• A flow chart showing the progress of participants (for randomized trials) and retrieved reports (for systematic reviews) through the study.
  • A checklist for editors and reviewers (not for publication) showing that you have described the recommended respective key points in your report.


Follow the on screen instructions on EJAManuscript Central to enter each piece of information associated with your manuscript. There are 6 steps in total. Most of these details will also be included in the text of your manuscript and we recommend that you copy and paste the information from your manuscript to the online submission screens wherever possible.

Manuscripts should be prepared in accordance with ‘Uniform Requirements for Manuscripts Submitted to Biomedical Journals’ (Br Med J 1991; 302: 338-341). The web page of the Br Med J which is a very full one, with lots of advice and cross-indexing to other information on clinical trials, etc., is

Keep one copy for reference and checking of proofs. Type everything including the references double-spaced with a 2.5 cm (1 in) margin on the left side of the sheet, and 2.5 cm (1 in) margins top, bottom and right. Do not right-align; leave a ragged right edge. Leave a blank line between paragraphs, and do not indent the first line of paragraphs.

Drugs should be given their official (not proprietary) names and the source of any new or experimental preparation should be given. Abbreviations should be avoided in the text whenever possible and never used in the Summary (but see illustrations, below). If abbreviations are unavoidable, they must be spelt out when first used in the text. Scientific measurements should be given in SI units. Blood pressure, however, may be expressed in mmHg and haemoglobin as g dL−1 (note there is no full stop, i.e. g · dL−1 is incorrect). Full stops should not be used after contractions or abbreviations. Abbreviations, if used, should conform to Units, Symbols, and Abbreviations. A Guide for Biological and Medical Editors and Authors, 5th Edition (1994). Royal Society of Medicine Press, 1 Wimpole Street, London W1M 8AE, UK.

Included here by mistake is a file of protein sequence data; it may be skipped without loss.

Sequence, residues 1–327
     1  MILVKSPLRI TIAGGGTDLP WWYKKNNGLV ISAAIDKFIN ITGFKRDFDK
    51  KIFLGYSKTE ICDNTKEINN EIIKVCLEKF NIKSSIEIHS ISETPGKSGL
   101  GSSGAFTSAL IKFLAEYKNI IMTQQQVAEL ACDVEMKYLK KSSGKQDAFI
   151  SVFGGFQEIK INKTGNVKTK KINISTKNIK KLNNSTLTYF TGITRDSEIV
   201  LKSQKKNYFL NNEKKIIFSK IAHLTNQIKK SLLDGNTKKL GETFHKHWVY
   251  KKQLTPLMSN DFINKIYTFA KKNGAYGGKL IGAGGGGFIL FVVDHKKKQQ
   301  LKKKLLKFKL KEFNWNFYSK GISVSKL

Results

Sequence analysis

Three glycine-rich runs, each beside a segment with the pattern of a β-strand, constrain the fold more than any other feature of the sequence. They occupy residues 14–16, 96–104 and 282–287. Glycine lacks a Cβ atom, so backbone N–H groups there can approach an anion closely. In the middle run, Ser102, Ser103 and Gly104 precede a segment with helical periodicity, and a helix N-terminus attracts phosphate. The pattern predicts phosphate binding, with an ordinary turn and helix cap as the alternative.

Most illustrations are produced using computer graphics software. It is essential that all the lines and lettering are thick enough to bear reduction for printing. We suggest you use bold Arial font for lines and lettering. Do not put the title on the face of the figure. The title, and any descriptive text, should be on a separate page called ‘Legends to Tables and Figures’ (see below). Do not put a box around the figure. Do not use colours unless you wish to pay for colour. Do not use 3D. Do not use the solidus or slash symbol (/) in illustrations (we use the superscript convention for units), or anywhere else in the manuscript (see above under Manuscripts). Use only a white background. Text labels for axes, etc. should be in lowercase lettering except for the first letter of the first word.

Use the following common symbols in sequence (open and closed versions of: circles, squares, upright triangles, inverted triangles and diamonds):

U1. No Caption Available.

There must be a title for each illustration. Also provide some accompanying text to describe the illustration fully, giving the meaning of all symbols, error bars, and abbreviations (abbreviations are permitted on illustrations when there is insufficient space for the full description). The captions should be grouped and numbered on a separate page after the section for References.

All artwork should be uploaded on EJAManuscript Central. Photographs should be scanned at a minimum of 320 dpi. All figures should be saved as separate EPS or TIFF files and clearly labelled.